The Forum is a beautiful, captivating experience.


I say experience because for me, it wasn’t just the history or the beauty of the architecture that blew me away. Going to the Forum and visualizing a flourishing community that lived thousands of years ago is completely mind blowing. Learning about the Vestal Virgins and more about Caesar and Nero was interesting, but it was as if all of the history I learned when I was in high school became real at that moment. It was all worth it, and when I went home, I was fascinated with more information I found about these historical masterpieces.


But going back to issues with cell phones… this is another issue for all students. I tell you this not to rant, but if you plan to go abroad, you should definitely consider all of your options. We were told before we left that it was easy and cheap to get just a crappy phone and a local calling plan. We all decided on getting the same provider, Wind (which we don’t have in the United States because here the main providers are Wind and Tim), because calling and texting within the same provider is free, so we wouldn’t have to pay much (this is advice we received from former students of the same program).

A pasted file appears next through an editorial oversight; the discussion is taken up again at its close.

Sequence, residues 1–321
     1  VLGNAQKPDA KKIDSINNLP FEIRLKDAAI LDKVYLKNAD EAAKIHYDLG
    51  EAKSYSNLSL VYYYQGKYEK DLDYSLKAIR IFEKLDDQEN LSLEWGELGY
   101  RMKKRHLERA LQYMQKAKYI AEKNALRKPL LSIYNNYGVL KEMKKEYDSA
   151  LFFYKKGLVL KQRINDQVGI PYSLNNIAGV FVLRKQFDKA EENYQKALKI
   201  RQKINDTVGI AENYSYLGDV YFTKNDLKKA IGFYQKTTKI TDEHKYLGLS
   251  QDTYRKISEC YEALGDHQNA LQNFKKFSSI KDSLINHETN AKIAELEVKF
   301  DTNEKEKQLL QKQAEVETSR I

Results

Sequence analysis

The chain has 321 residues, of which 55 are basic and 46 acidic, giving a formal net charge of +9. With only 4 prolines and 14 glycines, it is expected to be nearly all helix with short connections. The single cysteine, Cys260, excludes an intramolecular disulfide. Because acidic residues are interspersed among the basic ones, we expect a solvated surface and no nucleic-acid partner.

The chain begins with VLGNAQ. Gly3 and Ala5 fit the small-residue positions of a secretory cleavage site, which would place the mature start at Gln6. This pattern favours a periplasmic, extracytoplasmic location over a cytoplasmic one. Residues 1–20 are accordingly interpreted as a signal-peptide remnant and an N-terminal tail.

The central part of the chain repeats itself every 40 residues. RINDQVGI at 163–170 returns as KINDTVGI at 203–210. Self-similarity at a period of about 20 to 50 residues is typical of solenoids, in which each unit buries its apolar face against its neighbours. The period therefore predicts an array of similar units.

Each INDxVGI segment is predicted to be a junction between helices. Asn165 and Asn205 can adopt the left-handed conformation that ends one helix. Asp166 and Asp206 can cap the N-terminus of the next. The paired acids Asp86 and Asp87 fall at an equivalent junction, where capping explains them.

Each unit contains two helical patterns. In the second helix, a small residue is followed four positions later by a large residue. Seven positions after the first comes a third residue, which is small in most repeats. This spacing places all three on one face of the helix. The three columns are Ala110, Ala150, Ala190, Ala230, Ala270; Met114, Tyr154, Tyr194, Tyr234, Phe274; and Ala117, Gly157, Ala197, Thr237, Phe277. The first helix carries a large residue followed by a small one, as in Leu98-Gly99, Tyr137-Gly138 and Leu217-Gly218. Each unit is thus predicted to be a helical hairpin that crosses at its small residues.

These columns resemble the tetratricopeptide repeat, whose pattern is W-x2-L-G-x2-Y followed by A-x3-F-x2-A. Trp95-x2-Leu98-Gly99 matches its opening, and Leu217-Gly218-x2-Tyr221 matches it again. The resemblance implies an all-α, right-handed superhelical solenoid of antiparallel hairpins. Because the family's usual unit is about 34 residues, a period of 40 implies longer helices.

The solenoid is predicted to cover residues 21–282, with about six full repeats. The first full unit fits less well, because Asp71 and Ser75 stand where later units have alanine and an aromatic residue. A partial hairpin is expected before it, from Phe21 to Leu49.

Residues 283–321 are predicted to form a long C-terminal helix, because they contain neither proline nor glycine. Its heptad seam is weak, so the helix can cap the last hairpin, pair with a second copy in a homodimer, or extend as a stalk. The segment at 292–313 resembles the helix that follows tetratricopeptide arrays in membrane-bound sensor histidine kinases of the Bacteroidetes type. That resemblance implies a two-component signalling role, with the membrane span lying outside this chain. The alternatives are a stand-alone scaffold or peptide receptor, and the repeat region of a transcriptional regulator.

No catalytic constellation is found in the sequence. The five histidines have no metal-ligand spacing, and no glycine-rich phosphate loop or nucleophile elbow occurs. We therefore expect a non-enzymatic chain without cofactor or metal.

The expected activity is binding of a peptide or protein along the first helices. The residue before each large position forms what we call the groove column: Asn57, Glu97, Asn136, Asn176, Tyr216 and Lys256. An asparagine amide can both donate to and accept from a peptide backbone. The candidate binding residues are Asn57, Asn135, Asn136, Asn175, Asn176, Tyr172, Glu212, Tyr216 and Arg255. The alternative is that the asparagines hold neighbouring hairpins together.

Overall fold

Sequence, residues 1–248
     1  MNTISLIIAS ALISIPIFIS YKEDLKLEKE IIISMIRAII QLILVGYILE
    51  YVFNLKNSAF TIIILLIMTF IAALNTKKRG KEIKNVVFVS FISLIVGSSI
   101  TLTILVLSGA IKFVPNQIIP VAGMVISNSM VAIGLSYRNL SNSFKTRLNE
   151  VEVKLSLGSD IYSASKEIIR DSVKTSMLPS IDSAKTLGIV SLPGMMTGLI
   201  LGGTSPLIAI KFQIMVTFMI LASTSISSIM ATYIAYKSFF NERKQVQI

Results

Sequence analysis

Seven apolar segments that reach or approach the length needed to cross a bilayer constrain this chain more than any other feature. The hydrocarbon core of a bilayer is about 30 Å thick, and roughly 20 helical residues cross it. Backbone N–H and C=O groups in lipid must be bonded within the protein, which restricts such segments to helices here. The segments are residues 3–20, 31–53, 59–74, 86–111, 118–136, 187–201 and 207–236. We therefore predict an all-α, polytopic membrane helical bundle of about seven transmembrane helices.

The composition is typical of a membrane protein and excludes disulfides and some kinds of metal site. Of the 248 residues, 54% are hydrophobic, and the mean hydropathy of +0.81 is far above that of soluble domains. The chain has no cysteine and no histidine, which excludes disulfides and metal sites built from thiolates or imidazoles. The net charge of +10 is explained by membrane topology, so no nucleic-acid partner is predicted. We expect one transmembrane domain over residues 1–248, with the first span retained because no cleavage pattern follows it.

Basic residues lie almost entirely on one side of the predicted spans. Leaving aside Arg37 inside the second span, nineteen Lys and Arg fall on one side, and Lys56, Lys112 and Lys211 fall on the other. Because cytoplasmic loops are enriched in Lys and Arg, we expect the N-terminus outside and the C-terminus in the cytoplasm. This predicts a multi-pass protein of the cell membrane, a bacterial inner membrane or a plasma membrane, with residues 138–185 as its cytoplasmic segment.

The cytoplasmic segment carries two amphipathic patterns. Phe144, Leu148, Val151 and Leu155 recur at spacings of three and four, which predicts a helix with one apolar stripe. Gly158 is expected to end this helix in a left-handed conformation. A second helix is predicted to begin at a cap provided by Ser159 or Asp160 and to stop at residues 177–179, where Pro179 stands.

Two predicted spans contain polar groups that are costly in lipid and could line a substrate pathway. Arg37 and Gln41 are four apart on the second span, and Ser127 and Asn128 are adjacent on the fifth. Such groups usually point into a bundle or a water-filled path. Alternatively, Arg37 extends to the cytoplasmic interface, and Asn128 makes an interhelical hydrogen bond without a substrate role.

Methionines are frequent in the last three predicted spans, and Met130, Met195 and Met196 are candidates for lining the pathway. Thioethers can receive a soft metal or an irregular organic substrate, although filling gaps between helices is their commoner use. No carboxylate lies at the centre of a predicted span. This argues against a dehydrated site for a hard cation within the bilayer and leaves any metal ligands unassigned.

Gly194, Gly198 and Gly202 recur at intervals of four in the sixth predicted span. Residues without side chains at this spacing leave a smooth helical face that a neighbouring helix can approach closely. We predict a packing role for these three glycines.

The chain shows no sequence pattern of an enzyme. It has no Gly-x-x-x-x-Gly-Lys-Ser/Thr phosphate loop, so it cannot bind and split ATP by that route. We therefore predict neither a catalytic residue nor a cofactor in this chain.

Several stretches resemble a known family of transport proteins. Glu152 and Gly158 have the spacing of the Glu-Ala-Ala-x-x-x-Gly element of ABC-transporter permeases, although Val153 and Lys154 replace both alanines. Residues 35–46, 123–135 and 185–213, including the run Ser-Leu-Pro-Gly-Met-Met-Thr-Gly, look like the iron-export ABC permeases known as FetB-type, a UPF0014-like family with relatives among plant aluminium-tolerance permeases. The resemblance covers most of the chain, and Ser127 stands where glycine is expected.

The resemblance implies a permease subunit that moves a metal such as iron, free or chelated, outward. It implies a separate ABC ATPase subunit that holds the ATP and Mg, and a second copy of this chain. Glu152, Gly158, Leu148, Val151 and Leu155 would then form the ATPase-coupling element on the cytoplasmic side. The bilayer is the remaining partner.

Unfortunately, when we all went to the cell phone store, we found out that they were out of all of the cheap phones and the cheapest ones they had left were double the price–50 euro. With more of the required fees totalling nearly 30 euros depending on if the students has internet at home or not, it is expensive for the time span of less than 2 months. Although I decided against it before I left, I realized I should have brought my unlocked iPhone so I would just need to buy a SIM card. I decided against this for two reasons. 1) I have an iPad. 2) I was concerned that I would be a target for theft. Well, about the iPad…

Another thing I would advise you to do is to bring a laptop instead of an iPad (if you can take both, that’s great too). If I had brought my laptop, no matter where I was, I would be able to get internet because they have 10 or 20 euro flash drives that you can plug into laptops for internet. This is not possible with an iPad and they don’t even know what an iPad is at most stores here.